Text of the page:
Easter Excursions

With the spring bulbs blooming and some of our own over-winter projects coming into fruition, we thought it was high-time we shared with you some of our newest work, all of which is open to visitors over the 2017 Easter Holidays.


St Augustine’s Abbey, Canterbury – English Heritage

Last weekend saw the launch of new interpretation at St Augustine’s Abbey in Canterbury. English Heritage commissioned us to design a trail and other fun and games to help interpret this UNESCO world heritage site. Visitors of all ages can now follow in the footsteps of Brother Goscelyn to explore the museum and Abbey Ruins, and other activities include a ‘Monk Name Generator’ and a ‘Snakes and Abbots’ game where you race to become Abbot of the Abbey.

For prices and opening times, click here.

Simon wearing a monk's habit looking at the new trail

The new trail for St Augustine’s Abbey comes sown into a monk’s habit. Habits come in adult sizes too, so there’s dress-up fun for all the family (sorry….!)


Langham Dome, Langham – North Norfolk Historic Building’s Trust

A little closer to home, we installed two new touch-screens at Langham Dome ready for their Easter opening. The first screen, a World War Two Slang Quiz, tests visitors on their slang-knowledge and highlights the black humour that helped personnel at RAF Langham keep going during wartime. Using archive photos of airmen stationed there, it gives explanations of slang terms, usually irreverent, and each correct answer sees you rise up through the RAF ranks. The second touch-screen is a timeline exploring the squadrons that were based at RAF Langham during its operation.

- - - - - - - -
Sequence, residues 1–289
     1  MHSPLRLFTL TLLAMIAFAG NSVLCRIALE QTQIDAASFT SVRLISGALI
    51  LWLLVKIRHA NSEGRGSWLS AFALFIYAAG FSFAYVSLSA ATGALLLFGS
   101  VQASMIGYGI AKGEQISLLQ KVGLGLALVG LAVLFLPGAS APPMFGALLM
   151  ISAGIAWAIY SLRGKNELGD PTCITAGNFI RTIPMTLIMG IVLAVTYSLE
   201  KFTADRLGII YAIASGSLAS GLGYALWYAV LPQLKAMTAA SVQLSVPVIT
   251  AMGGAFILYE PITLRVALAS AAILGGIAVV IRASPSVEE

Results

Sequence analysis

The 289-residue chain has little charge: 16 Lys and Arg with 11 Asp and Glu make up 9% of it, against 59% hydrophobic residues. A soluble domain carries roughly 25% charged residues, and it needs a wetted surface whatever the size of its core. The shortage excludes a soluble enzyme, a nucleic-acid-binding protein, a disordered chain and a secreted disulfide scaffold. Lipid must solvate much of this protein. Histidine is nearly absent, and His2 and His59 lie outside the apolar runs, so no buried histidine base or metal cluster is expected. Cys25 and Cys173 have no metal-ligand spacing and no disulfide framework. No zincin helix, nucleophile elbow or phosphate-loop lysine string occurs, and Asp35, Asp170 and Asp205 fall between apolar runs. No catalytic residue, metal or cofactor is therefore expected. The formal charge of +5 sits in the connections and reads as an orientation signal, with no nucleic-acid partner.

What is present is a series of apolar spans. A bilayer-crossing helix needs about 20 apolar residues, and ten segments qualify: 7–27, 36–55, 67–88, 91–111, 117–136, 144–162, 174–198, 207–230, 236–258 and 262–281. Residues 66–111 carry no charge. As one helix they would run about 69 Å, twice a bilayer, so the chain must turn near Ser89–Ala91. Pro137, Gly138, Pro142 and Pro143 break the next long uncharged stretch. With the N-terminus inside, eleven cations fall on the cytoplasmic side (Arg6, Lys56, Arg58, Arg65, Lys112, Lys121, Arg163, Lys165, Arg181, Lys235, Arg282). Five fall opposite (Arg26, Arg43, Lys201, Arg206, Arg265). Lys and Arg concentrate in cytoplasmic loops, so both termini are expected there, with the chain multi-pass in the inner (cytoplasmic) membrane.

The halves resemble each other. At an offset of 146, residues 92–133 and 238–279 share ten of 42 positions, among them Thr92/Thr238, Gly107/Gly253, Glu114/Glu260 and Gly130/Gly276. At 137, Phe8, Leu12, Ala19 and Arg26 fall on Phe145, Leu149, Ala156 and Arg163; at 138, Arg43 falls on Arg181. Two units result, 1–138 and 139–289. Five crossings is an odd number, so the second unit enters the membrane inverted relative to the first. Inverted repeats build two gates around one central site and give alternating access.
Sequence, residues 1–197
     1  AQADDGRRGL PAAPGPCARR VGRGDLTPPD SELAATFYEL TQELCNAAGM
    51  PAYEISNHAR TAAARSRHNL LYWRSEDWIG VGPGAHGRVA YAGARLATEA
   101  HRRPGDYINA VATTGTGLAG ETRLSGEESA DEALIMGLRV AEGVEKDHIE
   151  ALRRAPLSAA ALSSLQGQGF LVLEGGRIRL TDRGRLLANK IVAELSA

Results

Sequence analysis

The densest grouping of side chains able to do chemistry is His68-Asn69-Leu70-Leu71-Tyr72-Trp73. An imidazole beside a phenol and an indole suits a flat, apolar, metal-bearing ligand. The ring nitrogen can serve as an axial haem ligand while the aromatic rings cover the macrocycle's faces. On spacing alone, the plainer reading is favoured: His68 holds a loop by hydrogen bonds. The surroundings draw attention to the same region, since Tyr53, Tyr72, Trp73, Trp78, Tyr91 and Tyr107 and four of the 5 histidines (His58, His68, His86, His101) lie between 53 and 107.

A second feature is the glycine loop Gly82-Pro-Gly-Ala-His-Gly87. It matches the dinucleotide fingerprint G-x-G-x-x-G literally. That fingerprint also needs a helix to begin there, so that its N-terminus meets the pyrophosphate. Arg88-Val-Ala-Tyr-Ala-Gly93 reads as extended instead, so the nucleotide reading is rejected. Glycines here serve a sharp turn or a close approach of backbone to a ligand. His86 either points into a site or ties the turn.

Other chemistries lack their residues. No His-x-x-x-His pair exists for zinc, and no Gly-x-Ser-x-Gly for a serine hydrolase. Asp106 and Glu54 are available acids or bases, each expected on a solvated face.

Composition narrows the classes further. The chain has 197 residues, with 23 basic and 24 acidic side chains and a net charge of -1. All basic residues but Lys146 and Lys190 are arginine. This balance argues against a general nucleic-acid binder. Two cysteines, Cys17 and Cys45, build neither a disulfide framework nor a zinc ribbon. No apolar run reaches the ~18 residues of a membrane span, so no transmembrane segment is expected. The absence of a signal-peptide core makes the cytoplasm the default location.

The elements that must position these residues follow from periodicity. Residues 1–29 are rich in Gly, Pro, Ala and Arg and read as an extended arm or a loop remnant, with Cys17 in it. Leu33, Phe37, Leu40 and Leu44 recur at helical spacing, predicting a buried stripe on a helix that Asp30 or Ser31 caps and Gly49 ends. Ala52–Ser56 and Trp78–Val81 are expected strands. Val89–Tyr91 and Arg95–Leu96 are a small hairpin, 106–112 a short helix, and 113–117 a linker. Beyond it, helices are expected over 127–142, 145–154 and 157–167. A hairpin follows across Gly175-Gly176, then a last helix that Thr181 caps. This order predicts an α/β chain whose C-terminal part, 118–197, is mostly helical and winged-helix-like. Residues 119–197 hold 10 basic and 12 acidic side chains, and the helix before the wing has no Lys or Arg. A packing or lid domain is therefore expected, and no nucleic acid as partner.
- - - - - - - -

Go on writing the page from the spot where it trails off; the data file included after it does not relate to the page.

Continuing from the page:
For prices and opening times, click here.

A question from the Langham Dome Slang Quiz shows the terms: Brown Jobs, Best blues and Battle Dress Blues, alongside three photographs.

A question from the Langham Dome Slang Quiz. Get it right, old chap?


Sheringham Park, Sheringham – National Trust

Finally, we worked on an update at Sheringham Park Visitor Centre for the 2017 season. The new exhibition ‘The Art of Nature’ looks at the view that famous landscape designer Humphrey Repton was trying to achieve through the window of Sheringham Hall. The exhibition space reflects the interior of a grand drawing room with a timeline of events presented as a gallery of framed pictures. The current view from the hall (which is not open to the public) is compared and contrasted with Repton’s original design.

For prices and opening times, click here.

We’ll be publishing cases studies of these projects on our website soon, but if you can’t wait, why not call in for a visit!

Happy Easter!